The company hasn’t announced which country GoPro will move their US-bound cameras manufacturing to, but bets are on another Asian country such as Cambodia or Vietnam where labor is cheap. Once operations have been set up in this third country, they will import the required Chinese components without the tax penalty, and export the final product to the United States. It will be the same exact product as before, made on the same machines as before, but now the sticker won’t say “Made in China”.

The Mobile Factory of the Future

There’s only one problem with this plan: how do you move production to another country at a low enough cost to make it financially viable? Even with the looming threat of higher import taxes, it would seem that building and staffing an entirely new factory would be the “nuclear option”. But according to McGee, GoPro is unusually well suited to this redistribution of labor. “It’s important to note that we own our own production equipment while our manufacturing partner provides the facilities, so we expect to make this move at a relatively low cost.”

In other words GoPro needs to secure a location in a third party country, physically move a few of its production lines over, and then hire some local labor to work it. At worst, this will result in a temporary reduction of manufacturing capacity.

As a thought experiment, let’s imagine GoPro has ten assembly lines at their current Chinese factory. Rather than relocating all of them at the same time, they would simply be packing up and moving the four of them which represent the 40% of their sales slated for America. Since GoPro owns all the equipment needed to build their cameras, it’s merely a matter of logistics to move their assembly line to a (relatively) nearby Asian country as needed depending on the current geopolitical climate.

With the specter of expanded tariffs looming over manufacturers, one wonders if such “mobile” factories will become increasingly common. Given how prevalent automation is in modern manufacturing and the level of homogeny between Asian factories, it stands to reason that a manufacturer should be able to take their own production equipment and simply move it around to find the best price on not only the facility to house it in but the workers to operate it. If nothing else, it may be that the US-China trade war ends up kicking off a new trend of what might be called “Nomadic Manufacturing”.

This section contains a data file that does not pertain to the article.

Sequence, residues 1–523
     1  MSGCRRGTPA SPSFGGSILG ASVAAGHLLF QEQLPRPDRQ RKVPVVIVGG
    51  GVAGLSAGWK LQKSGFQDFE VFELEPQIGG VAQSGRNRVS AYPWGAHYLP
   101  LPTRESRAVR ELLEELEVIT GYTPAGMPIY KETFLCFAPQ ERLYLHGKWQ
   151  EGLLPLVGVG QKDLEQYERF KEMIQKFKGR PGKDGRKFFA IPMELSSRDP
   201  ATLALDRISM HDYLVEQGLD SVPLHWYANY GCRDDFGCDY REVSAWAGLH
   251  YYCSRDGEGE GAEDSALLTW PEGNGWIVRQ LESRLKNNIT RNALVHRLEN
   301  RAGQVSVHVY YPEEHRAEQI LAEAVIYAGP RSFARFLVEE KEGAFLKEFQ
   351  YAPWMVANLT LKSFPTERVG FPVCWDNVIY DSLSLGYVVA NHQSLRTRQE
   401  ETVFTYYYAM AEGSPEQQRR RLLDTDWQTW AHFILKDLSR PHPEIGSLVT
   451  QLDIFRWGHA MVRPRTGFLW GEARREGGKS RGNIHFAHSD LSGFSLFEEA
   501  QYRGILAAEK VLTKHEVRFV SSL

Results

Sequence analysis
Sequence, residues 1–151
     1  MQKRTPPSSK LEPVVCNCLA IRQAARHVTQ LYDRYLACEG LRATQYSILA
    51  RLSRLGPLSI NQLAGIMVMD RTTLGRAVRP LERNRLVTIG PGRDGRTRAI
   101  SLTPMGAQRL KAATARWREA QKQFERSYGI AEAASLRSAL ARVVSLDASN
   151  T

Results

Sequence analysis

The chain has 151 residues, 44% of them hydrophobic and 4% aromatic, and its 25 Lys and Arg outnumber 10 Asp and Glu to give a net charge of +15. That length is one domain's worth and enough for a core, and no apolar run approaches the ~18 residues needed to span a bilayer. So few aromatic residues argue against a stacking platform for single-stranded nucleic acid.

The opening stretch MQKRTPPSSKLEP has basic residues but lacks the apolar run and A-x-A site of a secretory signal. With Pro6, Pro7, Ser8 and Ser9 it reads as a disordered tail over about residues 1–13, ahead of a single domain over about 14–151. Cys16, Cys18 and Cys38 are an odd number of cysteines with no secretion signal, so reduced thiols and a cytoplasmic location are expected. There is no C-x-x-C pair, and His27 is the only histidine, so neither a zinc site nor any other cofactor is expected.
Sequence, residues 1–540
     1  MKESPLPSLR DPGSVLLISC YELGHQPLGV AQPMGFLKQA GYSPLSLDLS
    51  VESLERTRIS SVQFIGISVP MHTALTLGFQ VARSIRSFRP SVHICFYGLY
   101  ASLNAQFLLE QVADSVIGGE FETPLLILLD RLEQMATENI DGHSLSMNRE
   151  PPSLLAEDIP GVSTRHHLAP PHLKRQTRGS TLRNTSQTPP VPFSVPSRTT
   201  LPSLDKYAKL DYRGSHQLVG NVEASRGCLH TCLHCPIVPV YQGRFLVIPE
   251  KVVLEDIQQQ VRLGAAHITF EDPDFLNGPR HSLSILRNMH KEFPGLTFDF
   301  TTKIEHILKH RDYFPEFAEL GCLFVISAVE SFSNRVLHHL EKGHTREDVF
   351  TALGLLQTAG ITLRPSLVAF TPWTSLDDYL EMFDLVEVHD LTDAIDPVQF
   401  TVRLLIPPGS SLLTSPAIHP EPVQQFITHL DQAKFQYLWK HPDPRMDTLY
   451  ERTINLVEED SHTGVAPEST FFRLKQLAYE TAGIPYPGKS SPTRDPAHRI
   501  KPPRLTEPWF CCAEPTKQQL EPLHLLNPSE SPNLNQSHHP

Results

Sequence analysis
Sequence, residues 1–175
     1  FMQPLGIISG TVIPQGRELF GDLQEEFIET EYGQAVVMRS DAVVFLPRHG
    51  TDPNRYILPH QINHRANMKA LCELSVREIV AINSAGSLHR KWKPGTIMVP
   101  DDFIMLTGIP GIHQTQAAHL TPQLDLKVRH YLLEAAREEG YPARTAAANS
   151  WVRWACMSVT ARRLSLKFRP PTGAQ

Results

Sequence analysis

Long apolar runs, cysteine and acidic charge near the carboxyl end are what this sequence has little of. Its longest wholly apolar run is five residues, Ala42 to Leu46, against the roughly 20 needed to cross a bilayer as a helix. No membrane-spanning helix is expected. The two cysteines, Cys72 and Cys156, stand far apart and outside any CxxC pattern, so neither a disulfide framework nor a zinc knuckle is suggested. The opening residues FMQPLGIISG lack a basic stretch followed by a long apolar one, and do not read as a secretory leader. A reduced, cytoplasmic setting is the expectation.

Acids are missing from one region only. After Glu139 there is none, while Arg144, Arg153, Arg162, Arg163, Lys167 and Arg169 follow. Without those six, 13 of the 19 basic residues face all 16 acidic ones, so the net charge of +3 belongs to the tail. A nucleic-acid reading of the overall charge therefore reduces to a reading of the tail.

A War on Many Fronts

Critics will no doubt point to GoPro’s move as evidence of the futility of the Chinese tariffs. Indeed, GoPro isn’t planning to bring the production of their cameras to America, and in the end they’ll still be using Chinese components. The flip side of the argument is that China may see these new “migratory” factories as a threat to their economy and make them more likely to capitulate in trade negotiations. For a country that’s often referred to as “The World’s Factory”, anything that incentivizes companies to manufacture their goods elsewhere is a problem. At the same time, the United States would benefit from a more diversified supply chain in the event of further deteriorating Chinese relations.

GoPro has made it clear they are moving their US-bound production out of China by next year as a proactive measure, so they’ll be protected no matter the result of the current trade negotiations. If the situation improves and the tariffs are relaxed, GoPro will still benefit from more diversified production capability. If the tariffs are expanded, then they’ll have saved themselves millions in lost revenue. With no end to the trade war in sight, it seems likely GoPro won’t be the only company restructuring their operations to exploit this manufacturing loophole in the near future.